Then there were the submitters who were not invited to appear at the hearings. The committee received seventy-six submissions, nine of them from national institutions and another six from friends’ groups, volunteers or partners of the institutions. Three submissions came from other Australian government departments and authorities and another sixteen from the ACT government, ACT tourism bodies, ACT community groups, ACT universities, and politicians, ACT and federal. Here, tourism and its impacts featured heavily. On the funding side, the ACT government and two Green members of the ACT Legislative Assembly opposed an excessive reliance on private sources.
But thirty-nine submissions, or just over half, came from individuals (eighteen in all, among them an ANU history professor and three former senior bureaucrats, one a former director of the Australian War Memorial), interest groups and peak bodies in the cultural field (fourteen, including the Australian Academy of Science, Museums Galleries Australia, or MGA, and the National Association for the Visual Arts), and professional associations and unions (seven, including the Australian Historical Association, the Australian Society of Archivists, and the CPSU). Three confidential submissions were also made.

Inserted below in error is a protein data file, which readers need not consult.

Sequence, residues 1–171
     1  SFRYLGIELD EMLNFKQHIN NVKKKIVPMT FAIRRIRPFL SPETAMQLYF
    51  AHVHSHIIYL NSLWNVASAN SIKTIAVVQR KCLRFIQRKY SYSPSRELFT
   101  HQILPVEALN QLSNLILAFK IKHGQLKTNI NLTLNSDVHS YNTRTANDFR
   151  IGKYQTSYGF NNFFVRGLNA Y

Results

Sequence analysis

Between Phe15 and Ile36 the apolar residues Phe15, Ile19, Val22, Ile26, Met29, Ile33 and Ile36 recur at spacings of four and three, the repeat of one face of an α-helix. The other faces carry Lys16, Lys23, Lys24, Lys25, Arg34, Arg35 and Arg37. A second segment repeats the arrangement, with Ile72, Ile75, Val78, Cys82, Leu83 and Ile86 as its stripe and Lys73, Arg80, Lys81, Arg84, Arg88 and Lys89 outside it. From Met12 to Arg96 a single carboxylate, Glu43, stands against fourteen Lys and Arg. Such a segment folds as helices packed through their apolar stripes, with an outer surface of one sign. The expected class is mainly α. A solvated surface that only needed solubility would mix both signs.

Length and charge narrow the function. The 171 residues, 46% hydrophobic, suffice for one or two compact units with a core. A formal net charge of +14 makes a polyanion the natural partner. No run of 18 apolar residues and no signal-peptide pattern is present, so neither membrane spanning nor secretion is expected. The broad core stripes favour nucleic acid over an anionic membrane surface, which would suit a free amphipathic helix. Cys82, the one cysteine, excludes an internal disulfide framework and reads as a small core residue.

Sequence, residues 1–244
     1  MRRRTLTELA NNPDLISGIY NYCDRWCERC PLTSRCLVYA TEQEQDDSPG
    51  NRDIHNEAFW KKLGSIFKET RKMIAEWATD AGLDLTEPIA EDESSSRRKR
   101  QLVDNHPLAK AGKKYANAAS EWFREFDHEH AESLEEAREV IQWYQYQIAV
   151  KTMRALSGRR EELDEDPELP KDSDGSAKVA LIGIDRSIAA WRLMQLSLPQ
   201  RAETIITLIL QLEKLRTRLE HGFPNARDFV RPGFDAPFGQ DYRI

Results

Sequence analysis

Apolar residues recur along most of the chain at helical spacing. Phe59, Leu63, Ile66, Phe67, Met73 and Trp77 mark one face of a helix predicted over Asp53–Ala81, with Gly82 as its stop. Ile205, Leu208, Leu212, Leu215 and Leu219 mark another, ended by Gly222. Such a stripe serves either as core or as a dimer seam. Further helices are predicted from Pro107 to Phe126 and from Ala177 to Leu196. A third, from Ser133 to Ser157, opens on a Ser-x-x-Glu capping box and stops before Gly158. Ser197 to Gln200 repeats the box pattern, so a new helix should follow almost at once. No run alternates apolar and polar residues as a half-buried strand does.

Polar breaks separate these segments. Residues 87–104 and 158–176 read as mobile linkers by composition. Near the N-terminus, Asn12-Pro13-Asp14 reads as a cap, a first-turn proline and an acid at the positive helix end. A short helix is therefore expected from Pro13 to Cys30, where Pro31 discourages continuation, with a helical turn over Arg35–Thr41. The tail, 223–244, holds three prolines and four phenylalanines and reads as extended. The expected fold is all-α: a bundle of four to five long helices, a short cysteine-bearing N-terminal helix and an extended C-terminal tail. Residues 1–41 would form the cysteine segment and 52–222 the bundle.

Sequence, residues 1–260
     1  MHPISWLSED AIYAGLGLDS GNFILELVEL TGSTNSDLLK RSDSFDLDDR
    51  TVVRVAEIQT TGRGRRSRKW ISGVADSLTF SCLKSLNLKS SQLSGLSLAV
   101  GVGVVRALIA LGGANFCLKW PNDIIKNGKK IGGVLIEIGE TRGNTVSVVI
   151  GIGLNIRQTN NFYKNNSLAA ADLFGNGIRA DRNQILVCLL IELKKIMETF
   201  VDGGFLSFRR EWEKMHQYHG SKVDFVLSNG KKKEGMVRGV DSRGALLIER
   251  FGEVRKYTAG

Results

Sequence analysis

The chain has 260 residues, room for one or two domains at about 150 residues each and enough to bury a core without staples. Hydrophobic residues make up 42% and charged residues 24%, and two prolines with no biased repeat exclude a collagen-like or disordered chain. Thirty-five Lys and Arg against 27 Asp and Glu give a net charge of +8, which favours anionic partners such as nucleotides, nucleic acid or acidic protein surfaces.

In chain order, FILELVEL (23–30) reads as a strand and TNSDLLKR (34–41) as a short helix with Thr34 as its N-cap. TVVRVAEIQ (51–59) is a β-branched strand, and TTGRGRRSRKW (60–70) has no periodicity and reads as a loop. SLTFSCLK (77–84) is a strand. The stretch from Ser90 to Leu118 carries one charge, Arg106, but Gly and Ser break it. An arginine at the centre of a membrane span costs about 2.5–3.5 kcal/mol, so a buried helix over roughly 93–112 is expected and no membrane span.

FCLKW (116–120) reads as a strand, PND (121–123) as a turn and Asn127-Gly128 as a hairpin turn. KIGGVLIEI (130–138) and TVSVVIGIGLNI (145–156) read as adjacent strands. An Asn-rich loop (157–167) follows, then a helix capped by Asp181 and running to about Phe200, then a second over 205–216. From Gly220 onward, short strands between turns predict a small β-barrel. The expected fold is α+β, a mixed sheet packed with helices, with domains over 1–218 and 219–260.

Of these thirty-nine, just one, the CPSU, was asked to appear at the public hearings, where its representatives discussed the effects of funding constraints and the suggestion that significant private sector donors sometimes influenced the direction of exhibitions. On the other hand, five of the Australian government departments or authorities that appeared had not lodged submissions at all.
Collectively, the thirty-nine submitters presented the perspective of users and committed supporters of the national institutions, people who used to run them or work in them, and experts in delivering cultural product. Many of their submissions showed evidence of deep thought and years of involvement. They tended to say less about tourism and visitor numbers and more about national heritage and service quality.